Catholics work to head off conflicts over Polish migrants

WARSAW, Poland – Catholic Church leaders have been working to head off a possible conflict about pastoral jurisdiction over the estimated 1.5 million Polish migrants in the United Kingdom.

“Integration affects spiritual and cultural values, so we must give people time and freedom to feel well in their new country of residence without forgetting their old homeland,” said Bishop Zygmunt Zimowski of Radom, Poland, the Polish bishops’ new delegate for Polish migrants abroad.

Cardinal Cormac Murphy-O’Connor of Westminster, England, president of the Catholic Bishops’ Conference of England and Wales, addressed the Polish bishops during their early March meeting. On March 6, Polish and British church leaders announced they had set up a new working group to address the issue of Polish migrants in Britain.

Bishop Zimowski told Catholic News Service March 18 that Polish church leaders counted on migrants’ ability to “maintain values of faith and morality” in England and Wales and believed the Polish Catholic Mission in England and Wales should work more closely with the bishops there. The mission, which was founded in the 1890s, was reorganized in 1948 and looks after Poles in England and Wales. The mission follows a program set by the Polish bishops.

“If the mission gives our people a good pastoral guidance, they shouldn’t get lost in Britain’s liberal atmosphere. They should also be able to set an example for English Catholics,” said the bishop. “The role of the Polish Catholic Mission is to ensure that the Poles do not lose their faith and preserve their culture.

“The Polish church has never forced migrants to attend holy Mass in Polish – if someone feels they belong in the English Mass, they can take part in that,” he added.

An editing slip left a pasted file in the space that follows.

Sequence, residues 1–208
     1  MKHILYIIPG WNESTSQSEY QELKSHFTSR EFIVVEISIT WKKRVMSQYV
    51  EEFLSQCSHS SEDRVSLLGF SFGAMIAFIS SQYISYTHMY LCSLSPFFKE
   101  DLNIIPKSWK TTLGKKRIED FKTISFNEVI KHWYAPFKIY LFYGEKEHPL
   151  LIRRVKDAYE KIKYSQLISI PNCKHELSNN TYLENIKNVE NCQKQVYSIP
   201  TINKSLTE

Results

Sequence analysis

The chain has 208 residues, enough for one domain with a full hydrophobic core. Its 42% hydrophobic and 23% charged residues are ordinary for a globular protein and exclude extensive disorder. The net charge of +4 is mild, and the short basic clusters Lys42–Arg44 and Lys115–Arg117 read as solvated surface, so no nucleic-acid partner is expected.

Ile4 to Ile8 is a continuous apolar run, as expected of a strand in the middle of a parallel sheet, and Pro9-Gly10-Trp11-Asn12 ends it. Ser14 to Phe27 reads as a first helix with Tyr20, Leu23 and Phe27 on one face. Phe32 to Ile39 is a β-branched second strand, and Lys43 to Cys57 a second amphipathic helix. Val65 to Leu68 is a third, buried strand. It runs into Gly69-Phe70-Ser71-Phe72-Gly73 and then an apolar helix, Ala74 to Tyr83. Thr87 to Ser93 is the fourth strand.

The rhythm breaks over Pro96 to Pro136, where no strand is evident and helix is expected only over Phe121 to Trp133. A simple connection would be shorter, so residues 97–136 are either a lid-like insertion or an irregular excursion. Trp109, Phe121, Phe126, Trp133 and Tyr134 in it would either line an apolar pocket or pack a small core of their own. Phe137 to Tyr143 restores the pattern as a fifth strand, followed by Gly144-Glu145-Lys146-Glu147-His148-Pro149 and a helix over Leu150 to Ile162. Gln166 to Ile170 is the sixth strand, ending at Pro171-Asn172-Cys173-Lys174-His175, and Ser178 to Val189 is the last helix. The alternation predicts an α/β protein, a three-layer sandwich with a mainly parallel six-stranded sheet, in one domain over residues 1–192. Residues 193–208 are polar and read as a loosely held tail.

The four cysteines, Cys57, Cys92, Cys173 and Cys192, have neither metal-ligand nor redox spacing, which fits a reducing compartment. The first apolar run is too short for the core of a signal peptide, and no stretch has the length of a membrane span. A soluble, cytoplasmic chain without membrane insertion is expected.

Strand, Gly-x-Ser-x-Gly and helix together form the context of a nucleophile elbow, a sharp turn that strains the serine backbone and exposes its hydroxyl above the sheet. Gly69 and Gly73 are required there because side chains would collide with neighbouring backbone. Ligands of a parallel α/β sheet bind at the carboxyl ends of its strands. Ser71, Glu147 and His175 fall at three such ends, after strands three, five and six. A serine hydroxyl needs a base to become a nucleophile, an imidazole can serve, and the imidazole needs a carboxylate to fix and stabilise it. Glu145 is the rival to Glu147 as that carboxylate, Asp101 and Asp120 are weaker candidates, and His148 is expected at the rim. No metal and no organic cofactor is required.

Migrant issues have been an important topic of discussion since a December interview with Poland’s Catholic information agency, KAI, in which Cardinal Murphy-O’Connor said he was concerned that Poles were “creating a separate church in Britain” and called on them to play a fuller part in local Catholic life.

After addressing Polish bishops in Warsaw March 6, Cardinal Murphy-O’Connor told journalists that he believed his comments had been misunderstood but added that circumstances had changed since the mission’s establishment in the 1890s.

“We appreciate Poles have good reasons for wishing to keep their heritage and traditions within their own communities, but we also want to explore new arrangements for their gradual integration,” the cardinal said. “I didn’t mean Polish parishes or traditions should be immediately taken away. But I would like Polish priests to learn English and work more with their English counterparts. There should be give and take on both sides.”

Meanwhile, Polish Prime Minister Donald Tusk told KAI in late February that his government hoped to persuade Polish migrants to return home. He said the government was working to improve Poland’s image, cut taxes and encourage small businesses.

Bishop Zimowski said whether this would work would depend on migrants being able to retain their values and identity as Polish Catholics.

“Our government can encourage Poles to come back. But if they’re to do so, it will be important to keep their roots,” said the bishop. “The Polish Catholic Mission will play a key role in ensuring they maintain their national culture and identity and don’t forget the native country.”

Catholic Review

The Catholic Review is the official publication of the Archdiocese of Baltimore.